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Nutritional and cognitive relationships and long-term mortality in patients with various dementia disorders.
Age Ageing. 2005 Mar; 34(2):136-41.AA

Abstract

BACKGROUND

Subjects with dementia are at risk for protein-energy malnutrition.

OBJECTIVE

To study the nutritional status, the short-term effects of adapted nutritional routines and the long-term mortality in subjects admitted for evaluation of cognitive dysfunction.

DESIGN

prospective observational study.

SETTING

University Hospital.

SUBJECTS

A total of 231 patients (80 +/- 7 years, 65% women).

METHODS

Body mass index (BMI, kg/m2), serum concentrations of albumin, ferritin, vitamin B12, folic acid and haemoglobin as well as Mini-Mental State Examination (MMSE, 0-30 p) results and co-morbidity were recorded at hospital admittance and before discharge. Seven years later, mortality was registered.

RESULTS

Mean BMI was in the normal range (23.3 +/- 4) as were the biochemical indices, and they did not vary among patients with Alzheimer's disease (AD), vascular dementia (VaD), mild cognitive impairment, mixed dementia and other diagnoses. A BMI of <23 was found in 108 (52%) subjects. Weight and MMSE score correlated weakly (r = 0.18, P < 0.01) at inclusion. During a median hospital stay of 3 weeks, an average weight gain of 0.5 +/- 1.8 kg (P < 0.001) and an increase in MMSE score of 0.9 +/- 3 (P < 0.001) was observed. However, these changes did not correlate. A BMI of <23 was associated with an increased risk for 7-year mortality (OR 3, 95% CI = 1.3-6.7), which was independent of age, male gender, dementia diagnosis and co-morbidity.

CONCLUSIONS

Nutritional status did not vary in patients with various dementia diagnoses. A BMI of <23 was related to reduced 7-year survival, but this result was independent of co-morbidity, male gender and age.

Authors+Show Affiliations

Karolinska Institutet, Department of Geriatric Medicine, Karolinska University Hospital, Huddinge, Stockholm, Sweden. gerd.faxen-irving@karolinska.seNo affiliation info availableNo affiliation info available

Pub Type(s)

Journal Article
Research Support, Non-U.S. Gov't

Language

eng

PubMed ID

15644407

Citation

Faxén-Irving, Gerd, et al. "Nutritional and Cognitive Relationships and Long-term Mortality in Patients With Various Dementia Disorders." Age and Ageing, vol. 34, no. 2, 2005, pp. 136-41.
Faxén-Irving G, Basun H, Cederholm T. Nutritional and cognitive relationships and long-term mortality in patients with various dementia disorders. Age Ageing. 2005;34(2):136-41.
Faxén-Irving, G., Basun, H., & Cederholm, T. (2005). Nutritional and cognitive relationships and long-term mortality in patients with various dementia disorders. Age and Ageing, 34(2), 136-41.
Faxén-Irving G, Basun H, Cederholm T. Nutritional and Cognitive Relationships and Long-term Mortality in Patients With Various Dementia Disorders. Age Ageing. 2005;34(2):136-41. PubMed PMID: 15644407.
* Article titles in AMA citation format should be in sentence-case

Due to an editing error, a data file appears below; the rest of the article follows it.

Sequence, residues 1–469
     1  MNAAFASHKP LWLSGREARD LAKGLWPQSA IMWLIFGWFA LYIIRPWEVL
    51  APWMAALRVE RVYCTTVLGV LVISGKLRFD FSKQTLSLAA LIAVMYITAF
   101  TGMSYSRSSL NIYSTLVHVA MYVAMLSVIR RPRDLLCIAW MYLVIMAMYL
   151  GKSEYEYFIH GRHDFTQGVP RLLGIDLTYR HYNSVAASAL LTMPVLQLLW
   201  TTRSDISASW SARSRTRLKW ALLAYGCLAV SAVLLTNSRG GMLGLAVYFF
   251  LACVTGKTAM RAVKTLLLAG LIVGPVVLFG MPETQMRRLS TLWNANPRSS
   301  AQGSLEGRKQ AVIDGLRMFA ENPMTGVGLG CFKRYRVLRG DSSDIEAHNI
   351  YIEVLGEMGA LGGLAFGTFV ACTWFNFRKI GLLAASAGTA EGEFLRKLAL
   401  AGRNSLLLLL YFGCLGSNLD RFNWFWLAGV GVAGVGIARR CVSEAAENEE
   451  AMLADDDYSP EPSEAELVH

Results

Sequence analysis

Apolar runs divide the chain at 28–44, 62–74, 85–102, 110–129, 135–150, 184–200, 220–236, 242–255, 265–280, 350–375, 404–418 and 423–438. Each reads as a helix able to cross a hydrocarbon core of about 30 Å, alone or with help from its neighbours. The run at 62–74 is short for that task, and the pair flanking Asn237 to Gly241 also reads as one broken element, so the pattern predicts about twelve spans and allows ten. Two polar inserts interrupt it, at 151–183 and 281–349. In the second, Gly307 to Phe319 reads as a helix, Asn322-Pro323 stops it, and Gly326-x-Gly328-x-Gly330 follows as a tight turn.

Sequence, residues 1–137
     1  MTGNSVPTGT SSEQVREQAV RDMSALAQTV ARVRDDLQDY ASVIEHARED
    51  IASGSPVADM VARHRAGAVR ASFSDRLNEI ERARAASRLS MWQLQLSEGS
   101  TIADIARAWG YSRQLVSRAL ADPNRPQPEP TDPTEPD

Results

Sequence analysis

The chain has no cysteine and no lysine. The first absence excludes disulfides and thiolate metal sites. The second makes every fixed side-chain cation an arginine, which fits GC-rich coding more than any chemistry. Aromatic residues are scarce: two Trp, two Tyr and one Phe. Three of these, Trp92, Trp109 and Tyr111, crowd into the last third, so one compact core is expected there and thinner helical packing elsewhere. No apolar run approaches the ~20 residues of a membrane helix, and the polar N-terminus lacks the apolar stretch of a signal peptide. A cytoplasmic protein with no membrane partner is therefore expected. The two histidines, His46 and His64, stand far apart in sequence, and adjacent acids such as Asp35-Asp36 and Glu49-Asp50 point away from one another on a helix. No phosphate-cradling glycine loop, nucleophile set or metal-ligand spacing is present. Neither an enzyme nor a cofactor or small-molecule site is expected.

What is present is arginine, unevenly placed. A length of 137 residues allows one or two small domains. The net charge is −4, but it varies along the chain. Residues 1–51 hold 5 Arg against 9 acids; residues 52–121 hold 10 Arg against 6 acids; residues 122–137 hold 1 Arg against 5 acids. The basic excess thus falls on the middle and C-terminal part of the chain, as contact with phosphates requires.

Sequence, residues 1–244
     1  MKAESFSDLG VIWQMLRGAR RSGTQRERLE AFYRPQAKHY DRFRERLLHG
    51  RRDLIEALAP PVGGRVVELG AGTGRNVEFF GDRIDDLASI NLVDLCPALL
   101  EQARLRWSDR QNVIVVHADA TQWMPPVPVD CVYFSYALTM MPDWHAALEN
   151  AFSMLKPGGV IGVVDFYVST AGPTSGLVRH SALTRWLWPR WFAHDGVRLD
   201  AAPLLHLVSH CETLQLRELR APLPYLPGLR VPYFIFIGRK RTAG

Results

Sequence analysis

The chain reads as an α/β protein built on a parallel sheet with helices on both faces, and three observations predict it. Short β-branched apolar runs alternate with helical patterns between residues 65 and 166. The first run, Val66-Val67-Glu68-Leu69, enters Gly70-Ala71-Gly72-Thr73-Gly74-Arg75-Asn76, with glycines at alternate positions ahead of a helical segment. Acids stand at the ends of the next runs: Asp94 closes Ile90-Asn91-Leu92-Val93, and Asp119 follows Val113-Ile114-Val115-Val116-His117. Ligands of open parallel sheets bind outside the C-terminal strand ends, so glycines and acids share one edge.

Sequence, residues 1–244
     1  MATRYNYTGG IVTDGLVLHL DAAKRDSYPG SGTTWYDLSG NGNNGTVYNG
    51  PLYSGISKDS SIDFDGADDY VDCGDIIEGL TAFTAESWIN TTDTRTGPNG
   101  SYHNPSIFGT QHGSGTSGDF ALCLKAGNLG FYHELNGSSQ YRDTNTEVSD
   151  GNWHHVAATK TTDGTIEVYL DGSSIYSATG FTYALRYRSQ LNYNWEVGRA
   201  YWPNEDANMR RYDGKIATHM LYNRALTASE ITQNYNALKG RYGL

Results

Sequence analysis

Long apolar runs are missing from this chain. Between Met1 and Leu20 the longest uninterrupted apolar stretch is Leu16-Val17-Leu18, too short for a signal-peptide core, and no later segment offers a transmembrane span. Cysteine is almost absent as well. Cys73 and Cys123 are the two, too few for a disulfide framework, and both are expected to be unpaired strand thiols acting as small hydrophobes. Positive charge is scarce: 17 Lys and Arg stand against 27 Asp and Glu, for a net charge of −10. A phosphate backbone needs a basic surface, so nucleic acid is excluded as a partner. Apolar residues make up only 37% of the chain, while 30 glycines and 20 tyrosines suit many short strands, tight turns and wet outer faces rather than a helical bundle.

TY - JOUR T1 - Nutritional and cognitive relationships and long-term mortality in patients with various dementia disorders. AU - Faxén-Irving,Gerd, AU - Basun,Hans, AU - Cederholm,Tommy, Y1 - 2005/01/11/ PY - 2005/1/13/pubmed PY - 2005/8/24/medline PY - 2005/1/13/entrez SP - 136 EP - 41 JF - Age and ageing JO - Age Ageing VL - 34 IS - 2 N2 - BACKGROUND: Subjects with dementia are at risk for protein-energy malnutrition. OBJECTIVE: To study the nutritional status, the short-term effects of adapted nutritional routines and the long-term mortality in subjects admitted for evaluation of cognitive dysfunction. DESIGN: prospective observational study. SETTING: University Hospital. SUBJECTS: A total of 231 patients (80 +/- 7 years, 65% women). METHODS: Body mass index (BMI, kg/m2), serum concentrations of albumin, ferritin, vitamin B12, folic acid and haemoglobin as well as Mini-Mental State Examination (MMSE, 0-30 p) results and co-morbidity were recorded at hospital admittance and before discharge. Seven years later, mortality was registered. RESULTS: Mean BMI was in the normal range (23.3 +/- 4) as were the biochemical indices, and they did not vary among patients with Alzheimer's disease (AD), vascular dementia (VaD), mild cognitive impairment, mixed dementia and other diagnoses. A BMI of <23 was found in 108 (52%) subjects. Weight and MMSE score correlated weakly (r = 0.18, P < 0.01) at inclusion. During a median hospital stay of 3 weeks, an average weight gain of 0.5 +/- 1.8 kg (P < 0.001) and an increase in MMSE score of 0.9 +/- 3 (P < 0.001) was observed. However, these changes did not correlate. A BMI of <23 was associated with an increased risk for 7-year mortality (OR 3, 95% CI = 1.3-6.7), which was independent of age, male gender, dementia diagnosis and co-morbidity. CONCLUSIONS: Nutritional status did not vary in patients with various dementia diagnoses. A BMI of <23 was related to reduced 7-year survival, but this result was independent of co-morbidity, male gender and age. SN - 0002-0729 UR - https://www.unboundmedicine.com/medline/citation/15644407/Nutritional_and_cognitive_relationships_and_long_term_mortality_in_patients_with_various_dementia_disorders_ L2 - https://academic.oup.com/ageing/article-lookup/doi/10.1093/ageing/afi023 DB - PRIME DP - Unbound Medicine ER -